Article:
Quincy officials shopping for water deal for 100 homes

November 11, 2009|By KATE S. ALEXANDER

ROUZERVILLE, Pa. -- Three years have passed since a group of homes in Quincy Township were found to have contaminated wells and officials said Tuesday it could take another few years to fix the problem.

The Quincy Township Board of Supervisors met Tuesday evening with the Washington Township Municipal Authority and representatives of the Pennsylvania Department of Environmental Protection (DEP) to discuss connecting 100 homes to Washington Township's public water system.

DEP found trichloroethylene (TCE) at levels ranging from trace to amounts to 31 parts per billion during testing in October 2006, Quincy Township Supervisor Bob Gunder said previously.

TCE can cause a number of health problems when ingested, inhaled or contacted by skin. Many homes in the area have been restricted to bottled water use for the last two years.


The Hazardous Sites Cleanup program of DEP issued a Notice of Proposed Remedial Response in late July, suggesting that the only way to fully eradicate the TCE problem in the township is to move residents to a public water system and abandon all affected wells.

Quincy Township Supervisor Kerry Bumbaugh said the township is "shopping around" for the best possible means and cost of obtaining public water.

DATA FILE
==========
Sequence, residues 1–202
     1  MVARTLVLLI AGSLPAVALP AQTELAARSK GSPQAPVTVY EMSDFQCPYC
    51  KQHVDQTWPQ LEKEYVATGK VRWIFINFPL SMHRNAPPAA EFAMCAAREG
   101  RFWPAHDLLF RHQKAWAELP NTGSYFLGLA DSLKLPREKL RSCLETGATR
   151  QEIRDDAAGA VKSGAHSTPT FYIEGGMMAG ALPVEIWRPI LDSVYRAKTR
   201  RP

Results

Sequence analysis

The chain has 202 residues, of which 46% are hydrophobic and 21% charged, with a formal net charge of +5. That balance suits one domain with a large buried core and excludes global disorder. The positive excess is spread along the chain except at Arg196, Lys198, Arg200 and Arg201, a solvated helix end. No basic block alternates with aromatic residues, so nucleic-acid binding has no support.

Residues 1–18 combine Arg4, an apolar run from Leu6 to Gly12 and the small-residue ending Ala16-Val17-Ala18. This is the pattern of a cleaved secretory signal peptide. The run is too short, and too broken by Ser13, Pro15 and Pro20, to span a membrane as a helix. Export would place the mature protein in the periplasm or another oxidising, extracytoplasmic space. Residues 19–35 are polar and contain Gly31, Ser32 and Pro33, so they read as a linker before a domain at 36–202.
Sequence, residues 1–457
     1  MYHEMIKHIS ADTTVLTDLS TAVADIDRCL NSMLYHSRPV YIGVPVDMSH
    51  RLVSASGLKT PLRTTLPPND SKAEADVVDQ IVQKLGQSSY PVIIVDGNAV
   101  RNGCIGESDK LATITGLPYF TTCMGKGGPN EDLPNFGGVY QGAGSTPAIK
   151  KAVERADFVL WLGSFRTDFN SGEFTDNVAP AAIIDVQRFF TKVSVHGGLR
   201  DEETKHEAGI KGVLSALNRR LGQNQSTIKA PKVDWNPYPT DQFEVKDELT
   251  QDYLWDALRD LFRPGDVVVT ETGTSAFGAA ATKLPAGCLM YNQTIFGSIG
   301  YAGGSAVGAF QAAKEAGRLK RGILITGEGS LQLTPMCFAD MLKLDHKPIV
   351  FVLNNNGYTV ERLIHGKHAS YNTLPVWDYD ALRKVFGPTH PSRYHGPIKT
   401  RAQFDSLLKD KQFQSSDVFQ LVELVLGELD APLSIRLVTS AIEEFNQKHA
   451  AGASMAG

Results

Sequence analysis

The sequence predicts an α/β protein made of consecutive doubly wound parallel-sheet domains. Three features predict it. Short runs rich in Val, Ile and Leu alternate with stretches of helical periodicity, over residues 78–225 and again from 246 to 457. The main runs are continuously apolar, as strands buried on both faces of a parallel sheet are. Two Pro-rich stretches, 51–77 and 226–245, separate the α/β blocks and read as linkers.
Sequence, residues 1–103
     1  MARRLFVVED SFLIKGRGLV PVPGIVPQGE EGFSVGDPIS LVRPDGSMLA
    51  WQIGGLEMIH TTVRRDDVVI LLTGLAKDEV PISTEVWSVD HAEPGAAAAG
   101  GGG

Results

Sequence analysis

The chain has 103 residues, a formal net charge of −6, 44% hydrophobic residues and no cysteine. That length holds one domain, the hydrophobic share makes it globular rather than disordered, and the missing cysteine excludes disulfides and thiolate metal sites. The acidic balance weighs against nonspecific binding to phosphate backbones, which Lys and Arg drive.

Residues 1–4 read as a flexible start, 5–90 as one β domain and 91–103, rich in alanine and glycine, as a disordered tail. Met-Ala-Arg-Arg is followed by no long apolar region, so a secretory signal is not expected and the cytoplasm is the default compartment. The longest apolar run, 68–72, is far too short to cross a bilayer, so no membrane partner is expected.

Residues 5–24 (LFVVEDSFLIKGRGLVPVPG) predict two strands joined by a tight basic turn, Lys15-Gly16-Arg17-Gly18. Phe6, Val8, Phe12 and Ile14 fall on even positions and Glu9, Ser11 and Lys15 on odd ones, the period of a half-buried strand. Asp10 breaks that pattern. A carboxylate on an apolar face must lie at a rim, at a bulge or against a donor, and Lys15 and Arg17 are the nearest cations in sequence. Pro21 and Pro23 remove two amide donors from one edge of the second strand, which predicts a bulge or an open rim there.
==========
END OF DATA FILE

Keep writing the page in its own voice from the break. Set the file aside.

Engineer Ronald J. Horton of Rural Engineering and Community Assistance, Inc. in Gettysburg, Pa., evaluated DEP's notice and said Quincy has three options -- the Borough of Waynesboro, Washington Township and the Borough of Mont Alto -- which could all be a source of public water for the contaminated homes.

John Krueger, program manager for DEP's Environmental Cleanup Program, said the state agency will shoulder the estimated $2.9 million cost of connecting to public water.

While DEP will pay for the initial cost of connecting the homes to safe water, Quincy officials questioned why it would not receive a special rate from WTMA.

"Quincy would be treated no differently than any commercial customer in Washington Township," said WTMA Manager Sean McFarland. Cutting Quincy a discount on rates would be unfair to other customers, he said.

Commercial customers are charged $7.92 per thousand gallons for the first 5,000 gallons of water and $5.06 for every thousand gallons thereafter. Tapping fees for commercial customers are $1,940 for capacity and $2,136 for distribution of each equivalent dwelling unit (EDU) estimated at 165.1 gallons per day.

Even if Quincy and WTMA had decided to move forward Tuesday, Krueger said the earliest the project could begin was fall 2010.

DEP cannot move forward on the issue until the public comment period for its administrative record closes on Dec. 15, he said.

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